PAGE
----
Upon information and belief, the instruction to have qualified voters cast votes by provisional ballot was relayed to District Board workers by Nathaniel Walker, the Superintendent of Elections at the time and other Mercer County election authorities.

As a result, voters in this time period had their ballots wrongly subjected to the additional scrutiny of adjudication by the County Board of Elections and at least 759 voters were disenfranchised and their votes were not counted due to “voting by machine” when the Defendant BOE and each of its Defendant Commissioners knew that it was impossible for these voters to have voted by machine.

Because there were no protocols for the proper handling of the paper ballots and because District Board workers were not trained on how to handle paper ballots, chain of custody was not preserved on many, perhaps most, ballots in Mercer County for the 2022 election cycle.

Entire bags of votes were misplaced, bags and machines containing ballots were not properly sealed, and at least 1500 ballots were found left behind in tabulators six days after the election.

The final numbers for the election are unknown and unknowable. The numbers Mercer County certified differ from those it reported to the state voter history files by thousands of votes and this discrepancy remains unresolved.

Key points from the lawsuit regarding the 2022 election include:
  • The improper move to provisional ballots and recording errors concerning these ballots resulted in at least 759 voters having their votes rejected when they should have been accepted. These voters were disenfranchised.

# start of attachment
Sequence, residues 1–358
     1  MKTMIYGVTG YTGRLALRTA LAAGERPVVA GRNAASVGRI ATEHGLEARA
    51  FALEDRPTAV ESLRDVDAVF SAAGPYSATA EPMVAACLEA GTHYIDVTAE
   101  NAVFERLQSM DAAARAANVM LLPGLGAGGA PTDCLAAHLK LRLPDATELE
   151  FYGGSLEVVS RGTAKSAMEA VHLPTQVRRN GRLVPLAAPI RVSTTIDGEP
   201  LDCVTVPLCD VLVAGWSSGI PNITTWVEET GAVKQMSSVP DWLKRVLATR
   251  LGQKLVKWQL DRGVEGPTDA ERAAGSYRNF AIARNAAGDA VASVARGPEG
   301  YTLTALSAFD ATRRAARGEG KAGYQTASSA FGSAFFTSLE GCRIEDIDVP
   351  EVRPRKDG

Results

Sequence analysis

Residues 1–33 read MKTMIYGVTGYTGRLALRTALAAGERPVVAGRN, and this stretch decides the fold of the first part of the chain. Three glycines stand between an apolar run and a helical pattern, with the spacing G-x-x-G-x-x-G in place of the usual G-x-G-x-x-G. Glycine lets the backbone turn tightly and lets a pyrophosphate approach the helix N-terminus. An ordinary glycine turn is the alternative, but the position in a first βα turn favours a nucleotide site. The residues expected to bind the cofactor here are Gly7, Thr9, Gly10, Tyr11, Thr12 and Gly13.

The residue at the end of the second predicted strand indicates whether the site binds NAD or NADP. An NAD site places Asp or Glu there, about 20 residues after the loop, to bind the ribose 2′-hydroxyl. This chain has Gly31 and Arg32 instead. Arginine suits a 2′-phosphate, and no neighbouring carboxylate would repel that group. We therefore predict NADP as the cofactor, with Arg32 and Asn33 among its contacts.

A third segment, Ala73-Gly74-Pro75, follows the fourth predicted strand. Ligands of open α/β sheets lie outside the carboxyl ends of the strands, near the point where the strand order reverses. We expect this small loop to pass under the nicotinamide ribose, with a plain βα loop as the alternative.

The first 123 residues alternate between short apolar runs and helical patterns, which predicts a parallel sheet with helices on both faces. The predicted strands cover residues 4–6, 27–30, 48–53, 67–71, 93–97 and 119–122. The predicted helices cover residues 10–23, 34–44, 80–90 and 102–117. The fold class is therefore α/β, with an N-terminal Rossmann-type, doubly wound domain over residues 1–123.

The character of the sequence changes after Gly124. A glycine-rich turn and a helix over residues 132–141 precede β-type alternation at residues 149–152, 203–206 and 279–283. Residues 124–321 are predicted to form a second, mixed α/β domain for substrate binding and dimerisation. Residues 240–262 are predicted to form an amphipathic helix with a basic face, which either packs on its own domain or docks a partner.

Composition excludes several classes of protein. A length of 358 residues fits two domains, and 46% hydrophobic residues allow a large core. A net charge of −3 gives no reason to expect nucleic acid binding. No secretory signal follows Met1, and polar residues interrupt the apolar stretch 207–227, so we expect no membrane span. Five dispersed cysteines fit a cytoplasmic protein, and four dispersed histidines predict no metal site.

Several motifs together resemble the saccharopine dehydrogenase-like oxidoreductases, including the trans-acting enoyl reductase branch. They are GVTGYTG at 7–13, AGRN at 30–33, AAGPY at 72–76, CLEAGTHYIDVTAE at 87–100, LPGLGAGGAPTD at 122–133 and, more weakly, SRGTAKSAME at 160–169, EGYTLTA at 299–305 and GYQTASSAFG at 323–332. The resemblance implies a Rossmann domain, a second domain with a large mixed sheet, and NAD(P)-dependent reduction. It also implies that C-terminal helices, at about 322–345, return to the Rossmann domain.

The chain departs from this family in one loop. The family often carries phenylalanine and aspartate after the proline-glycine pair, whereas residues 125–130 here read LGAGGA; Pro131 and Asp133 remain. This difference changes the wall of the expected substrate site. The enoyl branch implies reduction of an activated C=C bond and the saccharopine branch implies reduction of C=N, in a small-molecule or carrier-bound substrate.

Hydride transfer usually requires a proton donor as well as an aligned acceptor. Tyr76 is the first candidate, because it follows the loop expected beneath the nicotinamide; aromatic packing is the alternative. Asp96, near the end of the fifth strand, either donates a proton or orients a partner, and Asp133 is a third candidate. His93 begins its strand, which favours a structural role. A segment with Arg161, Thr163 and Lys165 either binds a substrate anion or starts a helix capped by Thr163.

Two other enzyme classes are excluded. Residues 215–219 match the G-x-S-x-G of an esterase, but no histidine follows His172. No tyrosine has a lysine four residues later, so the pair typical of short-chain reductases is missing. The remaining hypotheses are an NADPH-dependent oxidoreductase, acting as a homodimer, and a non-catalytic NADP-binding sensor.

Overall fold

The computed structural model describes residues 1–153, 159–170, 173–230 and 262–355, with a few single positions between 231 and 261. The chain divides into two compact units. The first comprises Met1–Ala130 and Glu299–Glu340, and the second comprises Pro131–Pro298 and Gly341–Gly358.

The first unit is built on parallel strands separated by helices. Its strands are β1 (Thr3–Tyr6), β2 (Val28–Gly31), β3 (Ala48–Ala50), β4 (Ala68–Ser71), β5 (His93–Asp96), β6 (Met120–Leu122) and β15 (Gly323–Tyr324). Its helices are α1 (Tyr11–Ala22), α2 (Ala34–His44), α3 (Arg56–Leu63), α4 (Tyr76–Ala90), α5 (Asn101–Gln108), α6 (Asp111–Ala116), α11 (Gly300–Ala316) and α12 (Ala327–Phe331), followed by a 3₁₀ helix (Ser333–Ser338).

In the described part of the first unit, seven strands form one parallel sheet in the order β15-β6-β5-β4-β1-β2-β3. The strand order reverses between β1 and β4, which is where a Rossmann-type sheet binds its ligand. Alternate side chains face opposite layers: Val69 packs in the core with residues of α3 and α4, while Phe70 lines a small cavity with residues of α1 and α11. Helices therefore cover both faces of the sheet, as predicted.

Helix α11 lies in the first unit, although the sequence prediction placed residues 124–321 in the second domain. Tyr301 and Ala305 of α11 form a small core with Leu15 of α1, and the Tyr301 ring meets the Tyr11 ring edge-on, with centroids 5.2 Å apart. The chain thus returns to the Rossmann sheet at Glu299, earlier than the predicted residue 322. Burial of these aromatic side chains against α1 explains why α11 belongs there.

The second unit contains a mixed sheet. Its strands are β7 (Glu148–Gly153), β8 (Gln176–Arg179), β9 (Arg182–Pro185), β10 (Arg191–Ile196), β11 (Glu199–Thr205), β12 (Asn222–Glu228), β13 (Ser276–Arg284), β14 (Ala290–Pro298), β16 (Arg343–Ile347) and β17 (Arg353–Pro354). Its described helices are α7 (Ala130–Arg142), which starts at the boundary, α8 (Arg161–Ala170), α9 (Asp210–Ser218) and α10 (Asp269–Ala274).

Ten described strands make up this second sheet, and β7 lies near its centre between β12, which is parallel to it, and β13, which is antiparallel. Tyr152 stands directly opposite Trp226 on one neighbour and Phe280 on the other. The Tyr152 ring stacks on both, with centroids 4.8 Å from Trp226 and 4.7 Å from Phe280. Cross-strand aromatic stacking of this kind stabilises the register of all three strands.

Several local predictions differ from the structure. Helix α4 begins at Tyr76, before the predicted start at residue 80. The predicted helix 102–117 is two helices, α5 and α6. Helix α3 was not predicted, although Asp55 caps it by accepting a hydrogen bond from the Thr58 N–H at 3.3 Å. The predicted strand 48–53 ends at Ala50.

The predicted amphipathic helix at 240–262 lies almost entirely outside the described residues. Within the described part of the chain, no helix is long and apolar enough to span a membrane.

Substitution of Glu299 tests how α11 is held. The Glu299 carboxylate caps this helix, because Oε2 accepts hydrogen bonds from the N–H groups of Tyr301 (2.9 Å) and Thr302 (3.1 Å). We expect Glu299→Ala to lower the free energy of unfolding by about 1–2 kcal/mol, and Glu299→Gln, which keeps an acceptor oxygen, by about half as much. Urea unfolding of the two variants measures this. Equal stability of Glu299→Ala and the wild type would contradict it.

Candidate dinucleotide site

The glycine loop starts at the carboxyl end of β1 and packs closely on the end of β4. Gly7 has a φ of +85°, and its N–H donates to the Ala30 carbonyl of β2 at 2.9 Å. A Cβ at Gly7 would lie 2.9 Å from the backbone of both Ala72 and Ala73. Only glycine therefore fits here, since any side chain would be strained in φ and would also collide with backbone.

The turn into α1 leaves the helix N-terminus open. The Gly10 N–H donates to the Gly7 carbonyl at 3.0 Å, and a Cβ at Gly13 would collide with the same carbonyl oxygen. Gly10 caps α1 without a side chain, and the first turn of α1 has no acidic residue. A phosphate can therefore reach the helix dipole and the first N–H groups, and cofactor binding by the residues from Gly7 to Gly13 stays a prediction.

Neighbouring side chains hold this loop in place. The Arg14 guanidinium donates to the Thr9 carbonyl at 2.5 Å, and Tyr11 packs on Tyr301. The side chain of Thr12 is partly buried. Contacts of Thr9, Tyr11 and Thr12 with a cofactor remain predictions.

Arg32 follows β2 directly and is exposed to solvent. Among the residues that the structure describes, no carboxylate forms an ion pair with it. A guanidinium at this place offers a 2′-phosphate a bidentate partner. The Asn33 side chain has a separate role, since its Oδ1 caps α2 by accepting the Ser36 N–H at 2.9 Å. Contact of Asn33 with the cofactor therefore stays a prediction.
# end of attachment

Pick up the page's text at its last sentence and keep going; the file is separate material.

• Other voters do not know if their vote was counted as the electronic poll books do not show them as having checked in.
  • Entire bags of votes were misplaced, bags and machines containing ballots were not properly sealed, and at least 1,500 ballots were found left behind in tabulators six days after the election. Chain of custody was destroyed.
  • No tally sheets were created contrary to state statute.
  • The counting of votes was not continuous and public contrary to state statute.
  • There is a 4,849-vote discrepancy between the number of votes the County reported to the public and the number of Election Day votes the County reported to the State and this discrepancy has not been resolved.
A highlight of the orders demanded include:
  • better poll worker training
  • prevention of all identified machine and polling book failures from recurring in future elections
  • public reconciliation of ballots by type for the 2023, 2024, and 2025 primary and general elections

Below is a copy of the complaint:

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Jim Hᴏft is the founder and editor of The Gateway Pundit, one of the top conservative news outlets in America. Jim was awarded the Reed Irvine Accuracy in Media Award in 2013 and is the proud recipient of the Breitbart Award for Excellence in Online Journalism from the Americans for Prosperity Foundation in May 2016.